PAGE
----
Successor to Sinclair's ZX80, 1.5 million units were sold before it was discontinued. Programs and data were loaded and saved onto audiotape cassettes; The ZX81 could be bought by mail order in kit form or pre-assembled. It came with 1 Kb of on-board memory, QWERTY keyboard layout, and an optional a 16 Kb RAM pack shown in the picture. The owner supplied a TV and cassette recorder.

Donated by L.G.Bray

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A1524

Image of SINCLAIR  SPECTRUM PERSONNAL COMPUTER, 1982

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SINCLAIR SPECTRUM PERSONNAL COMPUTER, 1982

The original ZX Spectrum with rubber keyboard, being small in size and with a rainbow motif. Originally released in 1982 with 16 KB of RAM for £125 Sterling or with 48 KB for £175; these prices were later reduced to £99 and £129 respectively. Owners of the 16 KB model could purchase an internal 32 KB RAM upgrade. Shown with printer, Micro drive, tape-loop cartridge storage device, and an Interface, with RS232 port, the owner provided a colour TV and Cassette recorder, for program storage.

Donated by L.G.Bray

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A1523

Image of URANIUM GLASS CANDLESTICK, 1930's

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URANIUM GLASS CANDLESTICK, 1930's

The term uranium glass, to the collector, will always be associated with that oily, yellow-green, transparent medium known as Vaseline glass.

The chemistry textbooks tell us that uranium was discovered by the German chemist, Martin Heinrich Klaproth, in 1789, although this may not be the whole story. The element was named after the planet Uranus and what Klaproth reported to the Royal Prussian Academy of Science in that year was uranium oxide, which he had separated from the heavy, black mineral known as pitchblende. The element itself was not isolated until 1841, but this did not stop it from being used in glass-making. Items made using such elements mainly for the colouration have a unique trait, they glow under Ultra Violet light, they are not however usually very Radio Active, this one is unmeasured, as it is too weak. Uranium glass can still be purchased today because of its unique colour.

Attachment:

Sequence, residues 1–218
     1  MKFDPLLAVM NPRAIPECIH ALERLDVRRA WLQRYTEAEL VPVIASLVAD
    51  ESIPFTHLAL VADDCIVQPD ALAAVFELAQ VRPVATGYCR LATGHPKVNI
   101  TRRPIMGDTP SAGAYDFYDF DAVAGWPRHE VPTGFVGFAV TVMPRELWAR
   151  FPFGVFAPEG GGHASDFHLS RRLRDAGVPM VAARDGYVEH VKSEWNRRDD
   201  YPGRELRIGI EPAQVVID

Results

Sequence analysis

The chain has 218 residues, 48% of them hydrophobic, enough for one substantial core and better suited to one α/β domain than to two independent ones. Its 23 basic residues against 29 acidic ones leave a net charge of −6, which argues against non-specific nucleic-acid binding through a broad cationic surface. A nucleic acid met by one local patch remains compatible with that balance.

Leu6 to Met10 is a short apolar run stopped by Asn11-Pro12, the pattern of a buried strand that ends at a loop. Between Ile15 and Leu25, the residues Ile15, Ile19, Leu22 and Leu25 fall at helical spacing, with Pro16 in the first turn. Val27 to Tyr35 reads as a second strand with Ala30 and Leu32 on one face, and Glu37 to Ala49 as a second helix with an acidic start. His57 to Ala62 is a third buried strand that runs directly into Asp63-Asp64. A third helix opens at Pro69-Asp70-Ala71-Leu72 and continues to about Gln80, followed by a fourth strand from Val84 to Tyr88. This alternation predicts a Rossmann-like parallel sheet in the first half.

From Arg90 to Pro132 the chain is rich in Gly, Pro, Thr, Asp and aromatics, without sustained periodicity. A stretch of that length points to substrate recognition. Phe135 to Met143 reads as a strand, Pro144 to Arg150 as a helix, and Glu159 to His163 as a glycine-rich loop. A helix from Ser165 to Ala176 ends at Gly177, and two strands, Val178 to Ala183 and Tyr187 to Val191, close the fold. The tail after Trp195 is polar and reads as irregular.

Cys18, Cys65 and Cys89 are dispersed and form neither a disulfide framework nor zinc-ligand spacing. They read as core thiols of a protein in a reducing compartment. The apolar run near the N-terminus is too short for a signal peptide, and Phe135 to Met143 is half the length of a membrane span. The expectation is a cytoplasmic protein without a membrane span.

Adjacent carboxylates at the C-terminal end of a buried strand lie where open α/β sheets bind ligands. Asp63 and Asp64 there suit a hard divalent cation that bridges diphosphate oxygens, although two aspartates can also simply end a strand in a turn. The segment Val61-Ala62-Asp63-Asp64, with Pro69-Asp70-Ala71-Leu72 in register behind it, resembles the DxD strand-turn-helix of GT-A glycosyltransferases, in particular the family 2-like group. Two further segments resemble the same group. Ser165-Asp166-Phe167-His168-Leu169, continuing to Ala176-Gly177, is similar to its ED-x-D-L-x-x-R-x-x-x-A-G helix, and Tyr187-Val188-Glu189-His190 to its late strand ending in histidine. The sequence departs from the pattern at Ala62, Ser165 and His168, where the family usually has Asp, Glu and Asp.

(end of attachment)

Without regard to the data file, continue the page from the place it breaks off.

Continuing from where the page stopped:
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A1454

Image of ELECTRIC TRAVELLING IRON, 1930's

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ELECTRIC TRAVELLING IRON, 1930's

Electric Travelling Iron, the first design that became very popular.
Wall sockets were rare before WW2, sometimes only one would be in the house, and often none at all, even if you were lucky enough to have Electricity, the lead for this Iron was usually plugged into the lamp bulb holder hung from the ceiling.
It also has no safety earth connection.


Bruce Hammond Collection

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A0352

Image of VOLTA ELECTRIC IRON, 1930's

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VOLTA ELECTRIC IRON, 1930's

Early Volta electric Iron.
This one comes complete with a stand

Bruce Hammond Collection

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A1212

Image of ELECTRIC IRON, 1930's

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ELECTRIC IRON, 1930's

Early Electric Iron.

Bruce Hammond Collection

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A1213

Image of SERVANTS CALL BOX, 1930's

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SERVANTS CALL BOX, 1930's

Servants call system on demonstration board, flaps on the indicator panel (annunciator) moves from side to side when called as the bell rings, and are marked to indicate caller.

Bruce Hammond Collection